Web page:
Today David stayed at the van and worked on his pictures while Janet rode the bus one more time. The plan was to ride out to the Eielson Visitors’ Center and take the Alpine hike. It’s a hike up the mountain to a ridge where one can walk off trail for miles. Since there are lots of people who use that trail, there was no danger in walking without a partner.
On the ride we saw a snow shoe hare (the population of these is very low right now – there is a normal fluctuation), a herd of over 150 caribou (the rangers remarked that it is unusual to see such a large group at this time of the year), three grizzlies, Dall sheep, and a law enforcement operation. The last caused quite a bit of conversation. It seems a carload of young people came through the unguarded gate last night and camped illegally in one of the pull-offs. What they did was not only illegal, but dangerous as they did not properly secure their food and were in prime grizzly country. They were ticketed for four different infractions and told to appear in court in Fairbanks in a couple of weeks. Since the rules of the park (no private vehicles beyond mile 15 without a permit, no back country camping without a permit, secure all food in bear proof containers which are provided) are clearly stated at the entrance gate, I doubt these campers ended up in the wrong spot by mistake; how they thought they could get away with it, I do not know.
At Eielson, Janet ended up not hiking. The fog was so thick that one could not see more than 10 feet. In fact the busses ceased leaving there for a while. After about 45 minutes, it cleared enough for the buses to run, but the Alpine hike still did not look interesting, so she started the ride back. As soon as we dropped in elevation, there was no fog (clouds) so the ride back was very pleasant. A number of backpackers boarded the bus so there were a number of conversations about where they had been and what they had seen. Unlike most parks we have visited, there are no trails that you are encouraged to stay on as you hike – you bushwhack. If you have a backcountry permit, it is for a particular “area” of the park. You hike and stay anywhere within that area. You can have multiple area permits, so you can hike from one to the next, but the number of people in one area at a time is limited by the permit system.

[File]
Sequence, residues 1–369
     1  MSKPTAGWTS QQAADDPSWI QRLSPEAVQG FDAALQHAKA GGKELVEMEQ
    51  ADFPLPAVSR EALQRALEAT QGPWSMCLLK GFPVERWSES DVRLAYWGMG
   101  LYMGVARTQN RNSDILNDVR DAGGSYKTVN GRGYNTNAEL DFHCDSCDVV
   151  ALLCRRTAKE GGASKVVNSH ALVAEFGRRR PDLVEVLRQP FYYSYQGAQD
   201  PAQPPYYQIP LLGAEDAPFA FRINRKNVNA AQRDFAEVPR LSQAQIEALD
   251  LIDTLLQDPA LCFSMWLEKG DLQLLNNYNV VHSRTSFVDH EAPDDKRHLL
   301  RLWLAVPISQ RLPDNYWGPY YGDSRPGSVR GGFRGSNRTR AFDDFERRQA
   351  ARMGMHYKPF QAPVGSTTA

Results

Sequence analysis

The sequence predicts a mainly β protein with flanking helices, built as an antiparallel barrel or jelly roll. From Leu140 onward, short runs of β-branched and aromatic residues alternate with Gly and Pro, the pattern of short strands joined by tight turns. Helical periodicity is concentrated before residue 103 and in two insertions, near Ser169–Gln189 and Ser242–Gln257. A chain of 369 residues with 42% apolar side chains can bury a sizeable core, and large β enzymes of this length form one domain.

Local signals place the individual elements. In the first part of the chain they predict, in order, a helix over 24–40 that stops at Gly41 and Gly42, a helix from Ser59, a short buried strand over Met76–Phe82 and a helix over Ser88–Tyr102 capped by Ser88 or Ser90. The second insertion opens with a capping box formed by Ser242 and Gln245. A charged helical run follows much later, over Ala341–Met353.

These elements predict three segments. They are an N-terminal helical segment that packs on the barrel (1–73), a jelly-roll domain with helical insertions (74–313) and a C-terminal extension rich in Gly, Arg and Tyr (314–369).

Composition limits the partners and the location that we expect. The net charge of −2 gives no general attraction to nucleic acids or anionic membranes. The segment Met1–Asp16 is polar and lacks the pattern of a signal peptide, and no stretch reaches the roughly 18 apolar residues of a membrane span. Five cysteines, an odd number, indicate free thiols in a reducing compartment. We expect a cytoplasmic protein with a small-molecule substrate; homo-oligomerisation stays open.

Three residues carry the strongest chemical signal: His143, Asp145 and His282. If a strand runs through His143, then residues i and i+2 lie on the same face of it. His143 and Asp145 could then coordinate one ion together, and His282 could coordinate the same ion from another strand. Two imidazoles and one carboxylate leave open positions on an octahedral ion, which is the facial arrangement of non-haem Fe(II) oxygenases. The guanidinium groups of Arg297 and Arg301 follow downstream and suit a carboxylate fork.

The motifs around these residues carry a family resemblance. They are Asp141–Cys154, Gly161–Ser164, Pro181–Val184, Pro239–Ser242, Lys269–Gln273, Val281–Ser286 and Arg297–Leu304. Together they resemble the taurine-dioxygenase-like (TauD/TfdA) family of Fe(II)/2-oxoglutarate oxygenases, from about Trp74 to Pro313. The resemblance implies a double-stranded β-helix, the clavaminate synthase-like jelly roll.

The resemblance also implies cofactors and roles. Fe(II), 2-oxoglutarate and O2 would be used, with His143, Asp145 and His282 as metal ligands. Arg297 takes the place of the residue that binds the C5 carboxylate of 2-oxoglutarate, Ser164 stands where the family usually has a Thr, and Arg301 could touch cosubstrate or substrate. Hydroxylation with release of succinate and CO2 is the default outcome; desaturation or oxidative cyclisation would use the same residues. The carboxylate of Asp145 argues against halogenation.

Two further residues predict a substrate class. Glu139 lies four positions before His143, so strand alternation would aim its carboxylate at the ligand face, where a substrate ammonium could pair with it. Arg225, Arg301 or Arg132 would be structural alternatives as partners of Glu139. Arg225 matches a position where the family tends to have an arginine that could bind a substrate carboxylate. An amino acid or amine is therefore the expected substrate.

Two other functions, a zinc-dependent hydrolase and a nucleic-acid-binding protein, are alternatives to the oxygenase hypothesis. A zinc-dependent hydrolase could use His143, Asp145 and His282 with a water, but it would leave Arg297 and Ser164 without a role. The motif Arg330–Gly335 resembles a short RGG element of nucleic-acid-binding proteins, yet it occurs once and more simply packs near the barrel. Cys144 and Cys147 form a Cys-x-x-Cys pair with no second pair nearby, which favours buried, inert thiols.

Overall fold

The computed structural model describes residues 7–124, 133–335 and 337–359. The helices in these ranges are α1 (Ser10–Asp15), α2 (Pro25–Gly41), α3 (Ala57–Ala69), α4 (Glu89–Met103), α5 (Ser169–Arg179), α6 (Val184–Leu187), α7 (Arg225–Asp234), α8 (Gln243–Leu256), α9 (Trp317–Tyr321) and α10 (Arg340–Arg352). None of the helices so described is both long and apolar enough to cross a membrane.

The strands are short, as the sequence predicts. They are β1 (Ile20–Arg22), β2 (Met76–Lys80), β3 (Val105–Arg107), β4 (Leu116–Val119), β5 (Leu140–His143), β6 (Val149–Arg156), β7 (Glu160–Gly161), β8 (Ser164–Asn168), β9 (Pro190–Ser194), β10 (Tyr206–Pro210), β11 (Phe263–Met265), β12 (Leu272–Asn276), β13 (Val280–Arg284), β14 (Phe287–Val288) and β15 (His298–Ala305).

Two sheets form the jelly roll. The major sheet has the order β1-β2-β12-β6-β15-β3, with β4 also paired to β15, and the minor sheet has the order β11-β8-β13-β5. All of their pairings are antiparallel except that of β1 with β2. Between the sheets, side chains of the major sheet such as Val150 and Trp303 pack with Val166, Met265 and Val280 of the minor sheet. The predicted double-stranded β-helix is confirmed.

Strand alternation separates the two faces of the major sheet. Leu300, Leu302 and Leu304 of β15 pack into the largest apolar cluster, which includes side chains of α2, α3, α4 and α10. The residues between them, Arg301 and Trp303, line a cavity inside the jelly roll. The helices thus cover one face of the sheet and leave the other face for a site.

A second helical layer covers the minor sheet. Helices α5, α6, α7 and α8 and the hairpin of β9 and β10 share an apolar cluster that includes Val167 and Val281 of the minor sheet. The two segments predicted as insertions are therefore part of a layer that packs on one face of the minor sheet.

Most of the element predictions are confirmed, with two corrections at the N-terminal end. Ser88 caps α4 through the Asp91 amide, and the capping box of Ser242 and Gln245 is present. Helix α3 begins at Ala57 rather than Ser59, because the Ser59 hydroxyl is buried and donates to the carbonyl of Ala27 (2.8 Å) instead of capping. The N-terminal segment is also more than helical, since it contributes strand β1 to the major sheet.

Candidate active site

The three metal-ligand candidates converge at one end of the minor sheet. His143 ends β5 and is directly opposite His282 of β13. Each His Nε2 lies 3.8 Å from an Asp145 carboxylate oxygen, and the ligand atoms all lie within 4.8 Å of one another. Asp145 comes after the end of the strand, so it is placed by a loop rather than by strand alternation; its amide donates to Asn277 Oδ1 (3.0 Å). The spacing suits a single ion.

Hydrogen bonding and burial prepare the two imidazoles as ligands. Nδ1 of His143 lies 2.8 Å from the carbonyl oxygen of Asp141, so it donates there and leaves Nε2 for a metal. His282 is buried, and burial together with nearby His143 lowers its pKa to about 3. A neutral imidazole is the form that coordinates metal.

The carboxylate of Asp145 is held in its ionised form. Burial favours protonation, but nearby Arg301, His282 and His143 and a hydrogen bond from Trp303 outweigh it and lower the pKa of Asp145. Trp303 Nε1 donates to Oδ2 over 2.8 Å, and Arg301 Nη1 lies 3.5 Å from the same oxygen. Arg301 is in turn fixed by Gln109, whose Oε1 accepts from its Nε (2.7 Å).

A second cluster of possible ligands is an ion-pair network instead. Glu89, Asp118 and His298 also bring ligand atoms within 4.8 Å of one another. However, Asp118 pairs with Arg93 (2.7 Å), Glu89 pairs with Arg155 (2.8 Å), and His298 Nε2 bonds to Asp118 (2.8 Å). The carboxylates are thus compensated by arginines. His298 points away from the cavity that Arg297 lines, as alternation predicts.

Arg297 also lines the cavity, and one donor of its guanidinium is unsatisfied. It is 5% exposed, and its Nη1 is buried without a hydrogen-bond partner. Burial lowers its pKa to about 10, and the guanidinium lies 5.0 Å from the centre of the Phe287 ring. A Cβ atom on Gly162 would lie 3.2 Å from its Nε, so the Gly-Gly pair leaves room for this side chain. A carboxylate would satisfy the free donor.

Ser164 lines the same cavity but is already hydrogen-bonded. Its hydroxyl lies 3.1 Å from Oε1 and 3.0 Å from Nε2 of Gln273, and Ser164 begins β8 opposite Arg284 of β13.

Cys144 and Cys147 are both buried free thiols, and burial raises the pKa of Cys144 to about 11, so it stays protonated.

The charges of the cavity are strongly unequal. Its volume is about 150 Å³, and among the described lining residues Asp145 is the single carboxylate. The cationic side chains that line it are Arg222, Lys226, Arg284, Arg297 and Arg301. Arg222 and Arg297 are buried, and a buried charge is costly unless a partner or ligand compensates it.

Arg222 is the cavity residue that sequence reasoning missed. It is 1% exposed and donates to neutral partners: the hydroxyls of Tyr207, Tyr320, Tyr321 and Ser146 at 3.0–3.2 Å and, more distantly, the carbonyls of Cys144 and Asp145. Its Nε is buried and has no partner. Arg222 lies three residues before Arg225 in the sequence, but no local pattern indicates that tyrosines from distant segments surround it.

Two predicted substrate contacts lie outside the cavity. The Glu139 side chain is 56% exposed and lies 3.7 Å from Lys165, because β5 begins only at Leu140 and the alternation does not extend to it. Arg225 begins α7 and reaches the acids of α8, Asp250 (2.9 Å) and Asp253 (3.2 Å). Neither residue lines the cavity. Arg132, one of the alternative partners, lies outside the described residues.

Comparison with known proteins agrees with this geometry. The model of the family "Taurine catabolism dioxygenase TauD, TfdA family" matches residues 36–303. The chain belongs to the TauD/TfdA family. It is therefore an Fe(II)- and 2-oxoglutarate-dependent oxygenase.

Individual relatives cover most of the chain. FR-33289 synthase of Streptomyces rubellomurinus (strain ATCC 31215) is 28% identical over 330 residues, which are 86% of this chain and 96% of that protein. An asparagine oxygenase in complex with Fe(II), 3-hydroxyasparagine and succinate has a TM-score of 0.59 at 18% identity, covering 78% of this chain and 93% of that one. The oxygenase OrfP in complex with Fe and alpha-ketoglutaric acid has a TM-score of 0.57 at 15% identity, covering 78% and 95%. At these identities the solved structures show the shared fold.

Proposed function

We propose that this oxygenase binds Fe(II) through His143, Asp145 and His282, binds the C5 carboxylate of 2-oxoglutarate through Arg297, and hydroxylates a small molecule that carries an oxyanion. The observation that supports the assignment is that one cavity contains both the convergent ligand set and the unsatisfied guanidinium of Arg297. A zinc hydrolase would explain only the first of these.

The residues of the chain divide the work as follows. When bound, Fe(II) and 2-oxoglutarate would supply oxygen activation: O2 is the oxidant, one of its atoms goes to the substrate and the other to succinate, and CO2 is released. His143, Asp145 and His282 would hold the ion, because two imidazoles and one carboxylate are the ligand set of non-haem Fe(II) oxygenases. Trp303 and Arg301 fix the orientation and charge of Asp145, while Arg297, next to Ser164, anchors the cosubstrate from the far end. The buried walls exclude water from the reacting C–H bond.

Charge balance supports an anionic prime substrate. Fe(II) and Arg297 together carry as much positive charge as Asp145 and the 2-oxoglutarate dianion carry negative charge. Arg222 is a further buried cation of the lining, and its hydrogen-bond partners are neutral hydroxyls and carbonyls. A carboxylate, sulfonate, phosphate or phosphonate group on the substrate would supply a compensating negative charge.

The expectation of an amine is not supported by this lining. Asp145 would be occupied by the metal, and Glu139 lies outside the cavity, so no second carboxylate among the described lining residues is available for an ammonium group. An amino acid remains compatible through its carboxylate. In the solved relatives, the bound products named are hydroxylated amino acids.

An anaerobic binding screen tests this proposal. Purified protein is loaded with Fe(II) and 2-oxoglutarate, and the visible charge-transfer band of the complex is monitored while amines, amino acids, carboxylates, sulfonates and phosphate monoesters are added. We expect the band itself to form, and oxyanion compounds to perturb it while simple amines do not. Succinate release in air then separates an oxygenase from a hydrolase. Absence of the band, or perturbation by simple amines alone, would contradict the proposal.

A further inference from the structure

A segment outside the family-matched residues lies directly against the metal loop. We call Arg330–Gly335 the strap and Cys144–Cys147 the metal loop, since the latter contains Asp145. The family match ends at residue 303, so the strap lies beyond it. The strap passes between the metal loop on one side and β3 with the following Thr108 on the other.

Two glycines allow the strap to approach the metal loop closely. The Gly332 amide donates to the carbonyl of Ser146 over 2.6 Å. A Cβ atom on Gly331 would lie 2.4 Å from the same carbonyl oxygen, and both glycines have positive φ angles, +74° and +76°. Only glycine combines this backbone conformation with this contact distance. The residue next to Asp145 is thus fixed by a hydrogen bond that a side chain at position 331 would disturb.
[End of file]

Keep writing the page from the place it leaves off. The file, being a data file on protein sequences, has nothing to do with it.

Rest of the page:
A side note, the sign board at Eielson reported that there were currently 169 people climbing 20,322-ft Denali and 37% of those who attempted Denali this year have summited.
After David cooked a great dinner on a campfire of hamburger and bacon, yellow squash with onions, and potatoes which we ate with a salad, we visited with friends in their mosquito-free, netted tent.